This condition can be found through pumping out the vacuum with the engine switched off and starting the engine with the brake pedal depressed. If the brake relents and sinks, the booster is working!
However if there is no drop, the power assist booster may need specialist attention to identify if there is a blocked vacuum hose or a new check valve is needed.




Scraping Noise


This is the sound that tells you that your vehicle is ready for its next inspection.
Usually an indication that your disc brake pads, shoes or rear drum brakes are worn out due to metal-on-metal contact. Scraping sounds can be dangerous as your vehicle may take longer (than expected) to stop until you have your drum and rotors replaced, alongside new linings and brake hardware. Look out for wear indicator warnings, available on some disc pads that emit a screeching sound to indicate that your brakes require immediate specialist attention.

Squealing Brakes


This sound is commonly caused by vibrations between disc pads and calliper or rotor. The noise can be eliminated by installing new pads,  resurfacing or replacing rotors, installing new pads, anti-rattle clips and pad shims and greasing the backs of the brake pads, with warmed grease.

Brake Chatter


Brake chatter can occur if the brake rotor is warped, if the lining of the brake pads is contaminated with oil or brake fluid or if the brake linings move slightly. It can be remedied through an inspection, clean and grease for optimal performance.

Grabby Brakes


Grabby brakes are often a result of oil, grease or brake fluid on linings and the brake pad, that causes them to grab. The linings and pads must be cleaned or replaced, and the cause removed. Badly scored drums and rotors can also cause grabbing, and may need to be resurfaced or replaced for optimal performance.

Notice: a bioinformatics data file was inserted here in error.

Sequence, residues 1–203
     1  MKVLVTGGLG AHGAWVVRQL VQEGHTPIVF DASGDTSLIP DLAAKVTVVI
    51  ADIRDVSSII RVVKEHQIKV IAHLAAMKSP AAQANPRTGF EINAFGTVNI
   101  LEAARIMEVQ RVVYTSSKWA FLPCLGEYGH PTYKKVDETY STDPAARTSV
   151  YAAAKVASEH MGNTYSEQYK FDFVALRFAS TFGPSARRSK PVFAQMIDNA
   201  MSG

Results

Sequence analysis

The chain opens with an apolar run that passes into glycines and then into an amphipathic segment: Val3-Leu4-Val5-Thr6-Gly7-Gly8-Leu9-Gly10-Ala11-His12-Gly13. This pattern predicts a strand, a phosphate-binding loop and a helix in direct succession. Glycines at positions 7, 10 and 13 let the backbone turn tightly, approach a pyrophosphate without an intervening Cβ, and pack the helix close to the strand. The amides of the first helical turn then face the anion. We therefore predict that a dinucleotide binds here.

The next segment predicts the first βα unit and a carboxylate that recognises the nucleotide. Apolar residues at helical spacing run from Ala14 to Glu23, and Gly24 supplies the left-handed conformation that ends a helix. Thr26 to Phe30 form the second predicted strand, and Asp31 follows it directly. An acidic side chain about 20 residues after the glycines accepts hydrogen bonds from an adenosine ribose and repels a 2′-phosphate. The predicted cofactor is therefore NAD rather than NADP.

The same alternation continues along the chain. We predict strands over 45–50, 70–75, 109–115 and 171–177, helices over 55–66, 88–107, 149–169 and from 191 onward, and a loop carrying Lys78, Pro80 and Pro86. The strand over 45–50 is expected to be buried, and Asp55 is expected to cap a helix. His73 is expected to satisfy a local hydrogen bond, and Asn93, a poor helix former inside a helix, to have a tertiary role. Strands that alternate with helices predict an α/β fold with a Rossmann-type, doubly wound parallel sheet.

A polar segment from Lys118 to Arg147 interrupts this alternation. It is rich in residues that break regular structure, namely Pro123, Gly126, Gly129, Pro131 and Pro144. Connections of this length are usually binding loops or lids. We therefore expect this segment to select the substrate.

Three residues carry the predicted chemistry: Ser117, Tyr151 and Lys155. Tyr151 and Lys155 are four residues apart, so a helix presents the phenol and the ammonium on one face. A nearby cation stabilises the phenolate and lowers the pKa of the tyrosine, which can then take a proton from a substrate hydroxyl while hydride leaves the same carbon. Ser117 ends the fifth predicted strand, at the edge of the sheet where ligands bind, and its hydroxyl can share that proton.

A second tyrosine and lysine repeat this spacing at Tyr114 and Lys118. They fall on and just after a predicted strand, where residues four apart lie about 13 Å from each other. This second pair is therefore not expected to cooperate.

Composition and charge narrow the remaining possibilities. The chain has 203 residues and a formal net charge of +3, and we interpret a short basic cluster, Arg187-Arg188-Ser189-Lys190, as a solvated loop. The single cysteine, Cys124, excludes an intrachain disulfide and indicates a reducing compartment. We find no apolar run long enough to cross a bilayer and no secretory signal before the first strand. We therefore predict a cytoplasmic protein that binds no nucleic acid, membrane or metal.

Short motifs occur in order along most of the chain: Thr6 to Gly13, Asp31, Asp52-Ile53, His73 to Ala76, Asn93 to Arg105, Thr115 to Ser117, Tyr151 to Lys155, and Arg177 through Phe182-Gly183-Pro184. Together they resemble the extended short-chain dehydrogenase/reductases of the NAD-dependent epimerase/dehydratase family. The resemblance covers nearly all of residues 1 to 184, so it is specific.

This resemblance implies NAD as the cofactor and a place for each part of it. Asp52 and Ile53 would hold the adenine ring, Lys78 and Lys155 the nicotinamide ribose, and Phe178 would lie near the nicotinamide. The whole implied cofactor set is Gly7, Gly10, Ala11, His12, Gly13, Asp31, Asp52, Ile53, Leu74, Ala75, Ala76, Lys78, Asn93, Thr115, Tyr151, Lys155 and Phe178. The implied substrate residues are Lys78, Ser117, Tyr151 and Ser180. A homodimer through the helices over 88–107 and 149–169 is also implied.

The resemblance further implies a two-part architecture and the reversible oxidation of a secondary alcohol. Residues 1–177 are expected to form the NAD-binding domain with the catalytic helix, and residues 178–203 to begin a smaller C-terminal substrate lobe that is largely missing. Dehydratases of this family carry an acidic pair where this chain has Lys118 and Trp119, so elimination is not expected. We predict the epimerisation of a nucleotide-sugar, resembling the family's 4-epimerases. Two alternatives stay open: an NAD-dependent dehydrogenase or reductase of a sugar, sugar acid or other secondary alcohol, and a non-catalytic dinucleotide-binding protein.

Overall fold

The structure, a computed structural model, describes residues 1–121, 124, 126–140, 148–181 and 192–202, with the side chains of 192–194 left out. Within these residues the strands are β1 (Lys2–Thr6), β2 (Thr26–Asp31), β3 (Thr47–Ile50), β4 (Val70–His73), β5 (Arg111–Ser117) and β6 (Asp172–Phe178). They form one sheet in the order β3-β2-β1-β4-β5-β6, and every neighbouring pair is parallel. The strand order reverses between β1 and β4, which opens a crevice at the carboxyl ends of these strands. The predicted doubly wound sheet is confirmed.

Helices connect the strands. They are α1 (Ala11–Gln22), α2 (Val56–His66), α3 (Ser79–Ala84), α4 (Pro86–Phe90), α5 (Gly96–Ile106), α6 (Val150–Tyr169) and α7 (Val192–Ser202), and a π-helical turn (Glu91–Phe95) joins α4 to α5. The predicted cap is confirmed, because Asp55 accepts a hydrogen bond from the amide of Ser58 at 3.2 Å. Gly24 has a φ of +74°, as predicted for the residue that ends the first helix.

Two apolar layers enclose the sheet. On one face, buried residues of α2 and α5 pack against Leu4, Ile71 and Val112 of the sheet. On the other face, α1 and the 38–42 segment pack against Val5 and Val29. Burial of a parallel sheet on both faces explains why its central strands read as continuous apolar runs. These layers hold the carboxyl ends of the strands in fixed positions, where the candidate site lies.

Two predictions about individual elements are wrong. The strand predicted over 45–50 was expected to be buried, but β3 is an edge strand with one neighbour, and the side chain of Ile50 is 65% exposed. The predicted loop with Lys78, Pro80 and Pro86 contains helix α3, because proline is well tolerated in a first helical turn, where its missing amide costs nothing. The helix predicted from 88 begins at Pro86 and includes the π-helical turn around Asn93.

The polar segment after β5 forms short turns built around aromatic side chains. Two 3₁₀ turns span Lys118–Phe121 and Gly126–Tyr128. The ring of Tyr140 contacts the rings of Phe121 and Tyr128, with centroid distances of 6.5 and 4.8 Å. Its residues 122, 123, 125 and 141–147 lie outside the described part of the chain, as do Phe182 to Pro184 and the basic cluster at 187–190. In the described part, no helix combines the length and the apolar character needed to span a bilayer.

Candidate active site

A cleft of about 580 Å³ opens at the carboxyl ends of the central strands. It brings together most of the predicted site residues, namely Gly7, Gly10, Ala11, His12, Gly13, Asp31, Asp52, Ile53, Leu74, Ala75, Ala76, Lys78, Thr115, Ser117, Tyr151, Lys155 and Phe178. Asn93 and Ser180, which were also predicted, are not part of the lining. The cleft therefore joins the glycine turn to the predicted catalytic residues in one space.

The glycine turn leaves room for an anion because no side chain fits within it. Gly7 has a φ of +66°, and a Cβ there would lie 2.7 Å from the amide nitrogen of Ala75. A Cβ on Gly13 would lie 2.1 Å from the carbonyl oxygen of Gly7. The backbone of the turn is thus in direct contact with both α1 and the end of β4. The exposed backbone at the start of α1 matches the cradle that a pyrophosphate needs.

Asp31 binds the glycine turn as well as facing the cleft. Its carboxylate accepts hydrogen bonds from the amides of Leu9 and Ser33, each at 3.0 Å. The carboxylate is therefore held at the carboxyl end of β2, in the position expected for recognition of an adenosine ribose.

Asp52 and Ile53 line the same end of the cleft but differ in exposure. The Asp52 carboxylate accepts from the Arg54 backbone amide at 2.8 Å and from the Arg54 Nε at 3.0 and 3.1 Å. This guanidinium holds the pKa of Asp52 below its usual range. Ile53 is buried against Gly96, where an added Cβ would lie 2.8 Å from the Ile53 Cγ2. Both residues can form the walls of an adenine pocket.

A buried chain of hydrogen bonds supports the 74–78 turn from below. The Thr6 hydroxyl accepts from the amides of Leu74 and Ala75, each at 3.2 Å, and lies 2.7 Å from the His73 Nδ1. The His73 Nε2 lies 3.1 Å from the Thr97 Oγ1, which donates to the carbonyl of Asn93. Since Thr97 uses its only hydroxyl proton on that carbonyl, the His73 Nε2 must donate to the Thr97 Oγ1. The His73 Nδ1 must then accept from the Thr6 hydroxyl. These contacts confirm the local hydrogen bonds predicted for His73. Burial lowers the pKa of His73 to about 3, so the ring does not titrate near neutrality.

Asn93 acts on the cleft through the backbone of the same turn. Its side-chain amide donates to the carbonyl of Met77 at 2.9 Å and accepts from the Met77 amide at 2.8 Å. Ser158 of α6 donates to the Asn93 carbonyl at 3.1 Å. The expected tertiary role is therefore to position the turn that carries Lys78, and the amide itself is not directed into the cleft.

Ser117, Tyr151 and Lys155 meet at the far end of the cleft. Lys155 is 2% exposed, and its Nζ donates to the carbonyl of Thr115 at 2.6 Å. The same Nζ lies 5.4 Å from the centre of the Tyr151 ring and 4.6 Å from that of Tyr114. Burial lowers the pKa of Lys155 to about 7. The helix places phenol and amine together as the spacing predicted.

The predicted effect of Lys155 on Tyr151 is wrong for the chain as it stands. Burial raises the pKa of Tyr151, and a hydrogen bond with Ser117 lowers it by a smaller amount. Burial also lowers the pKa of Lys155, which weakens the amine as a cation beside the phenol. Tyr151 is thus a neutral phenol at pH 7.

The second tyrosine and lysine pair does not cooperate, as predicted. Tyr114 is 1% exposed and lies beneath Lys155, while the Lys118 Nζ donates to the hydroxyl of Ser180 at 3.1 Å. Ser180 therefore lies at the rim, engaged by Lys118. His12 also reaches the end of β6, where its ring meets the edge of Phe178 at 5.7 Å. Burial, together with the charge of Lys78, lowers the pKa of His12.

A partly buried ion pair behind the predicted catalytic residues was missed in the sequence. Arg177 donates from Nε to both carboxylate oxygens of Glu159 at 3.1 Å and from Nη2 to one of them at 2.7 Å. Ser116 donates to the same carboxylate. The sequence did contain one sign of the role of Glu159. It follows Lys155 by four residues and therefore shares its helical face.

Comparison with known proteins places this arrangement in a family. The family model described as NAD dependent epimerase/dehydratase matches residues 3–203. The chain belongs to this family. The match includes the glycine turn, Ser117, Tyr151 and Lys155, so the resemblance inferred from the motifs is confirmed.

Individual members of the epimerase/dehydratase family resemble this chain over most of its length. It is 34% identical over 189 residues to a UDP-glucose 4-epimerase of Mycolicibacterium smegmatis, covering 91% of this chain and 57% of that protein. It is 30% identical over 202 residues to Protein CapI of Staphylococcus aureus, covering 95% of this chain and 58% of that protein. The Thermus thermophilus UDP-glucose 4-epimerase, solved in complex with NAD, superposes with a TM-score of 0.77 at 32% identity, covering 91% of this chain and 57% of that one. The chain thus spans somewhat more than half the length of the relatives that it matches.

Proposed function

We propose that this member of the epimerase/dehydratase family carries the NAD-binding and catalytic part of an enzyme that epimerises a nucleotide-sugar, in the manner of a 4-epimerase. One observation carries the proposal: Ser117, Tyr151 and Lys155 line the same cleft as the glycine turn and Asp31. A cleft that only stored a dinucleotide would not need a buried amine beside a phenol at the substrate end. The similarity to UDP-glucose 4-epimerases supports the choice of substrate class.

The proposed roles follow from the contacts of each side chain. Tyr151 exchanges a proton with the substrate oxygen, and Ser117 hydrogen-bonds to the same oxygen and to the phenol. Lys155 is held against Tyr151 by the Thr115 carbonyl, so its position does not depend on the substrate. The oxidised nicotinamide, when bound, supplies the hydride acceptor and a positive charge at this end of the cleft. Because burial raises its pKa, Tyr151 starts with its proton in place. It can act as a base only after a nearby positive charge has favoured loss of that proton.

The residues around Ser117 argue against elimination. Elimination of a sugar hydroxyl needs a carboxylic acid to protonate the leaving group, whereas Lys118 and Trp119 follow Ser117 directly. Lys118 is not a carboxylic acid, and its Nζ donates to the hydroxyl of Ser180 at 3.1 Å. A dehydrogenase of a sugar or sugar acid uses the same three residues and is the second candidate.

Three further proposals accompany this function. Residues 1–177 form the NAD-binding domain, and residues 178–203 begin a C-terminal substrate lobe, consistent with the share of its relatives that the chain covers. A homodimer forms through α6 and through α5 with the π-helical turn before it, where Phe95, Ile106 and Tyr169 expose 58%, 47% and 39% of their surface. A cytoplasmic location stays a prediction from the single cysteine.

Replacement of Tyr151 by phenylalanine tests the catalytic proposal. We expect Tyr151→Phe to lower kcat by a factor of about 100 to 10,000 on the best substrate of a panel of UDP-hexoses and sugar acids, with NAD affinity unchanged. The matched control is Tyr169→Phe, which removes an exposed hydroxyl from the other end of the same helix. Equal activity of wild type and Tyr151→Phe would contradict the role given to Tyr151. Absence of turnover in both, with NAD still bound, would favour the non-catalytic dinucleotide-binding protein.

Dragging Brakes


Often caused by weak or broken retracting springs on drum brakes, jammed /corroded disc brake caliper piston, a floating caliper with badly corroded mounting pins or bushings (uneven pad wear between the inner and outer pads is a clue here), overextended drum brake self-adjusters or a sticky or frozen emergency brake cable. This is a dangerous condition as it can often pull at the steering function of your vehicle or run so hot that the brake wears and fades.

Brakes Pull to a Side


This is often caused by friction on the front brakes, differences in rotor thickness, misadjusted brakes, a bad wheel cylinder or caliper, dragging brakes on one side, loose wheel bearings or contaminated linings. Your brakes require specialist attention to deliver performance and safety.

At Pedders, we leave nothing to chance where it concerns your brakes and you. Our exclusive range of brakes and brake pad cover many makes and models, alongside industry leading brake products from Akenobo, Bosch, Bendigo & PBR.

So, the next time your brakes get you into a fix, don’t panic. Take a deep breath and look through our chart to see whether your brake problem is HIGH RISK or LOW RISK. And if you are still unsure of whether your brakes are working as they should. Call in to organise a specialist consultation at just $28 for a tech and check report, or visit our stores across Australia / Where to buy Brakes in Australia:

Where to buy Brakes in Australia (this is the type of design I would recommend for the last part), Perhaps the individual states could appear in the drop down also. – Include Geographic Location instead of Miscellaneous.